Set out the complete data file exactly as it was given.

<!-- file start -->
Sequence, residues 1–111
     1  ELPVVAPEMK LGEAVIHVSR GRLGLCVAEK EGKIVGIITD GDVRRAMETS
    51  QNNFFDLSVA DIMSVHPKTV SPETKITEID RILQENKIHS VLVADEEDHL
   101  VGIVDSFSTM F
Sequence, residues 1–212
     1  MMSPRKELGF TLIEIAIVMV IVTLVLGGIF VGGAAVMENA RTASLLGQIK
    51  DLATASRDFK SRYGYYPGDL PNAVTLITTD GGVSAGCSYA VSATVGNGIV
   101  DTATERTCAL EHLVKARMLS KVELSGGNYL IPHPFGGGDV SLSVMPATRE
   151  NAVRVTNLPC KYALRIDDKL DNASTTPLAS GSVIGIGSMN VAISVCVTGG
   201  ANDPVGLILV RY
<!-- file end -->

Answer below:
Sequence, residues 1–111
     1  ELPVVAPEMK LGEAVIHVSR GRLGLCVAEK EGKIVGIITD GDVRRAMETS
    51  QNNFFDLSVA DIMSVHPKTV SPETKITEID RILQENKIHS VLVADEEDHL
   101  VGIVDSFSTM F
Sequence, residues 1–212
     1  MMSPRKELGF TLIEIAIVMV IVTLVLGGIF VGGAAVMENA RTASLLGQIK
    51  DLATASRDFK SRYGYYPGDL PNAVTLITTD GGVSAGCSYA VSATVGNGIV
   101  DTATERTCAL EHLVKARMLS KVELSGGNYL IPHPFGGGDV SLSVMPATRE
   151  NAVRVTNLPC KYALRIDDKL DNASTTPLAS GSVIGIGSMN VAISVCVTGG
   201  ANDPVGLILV RY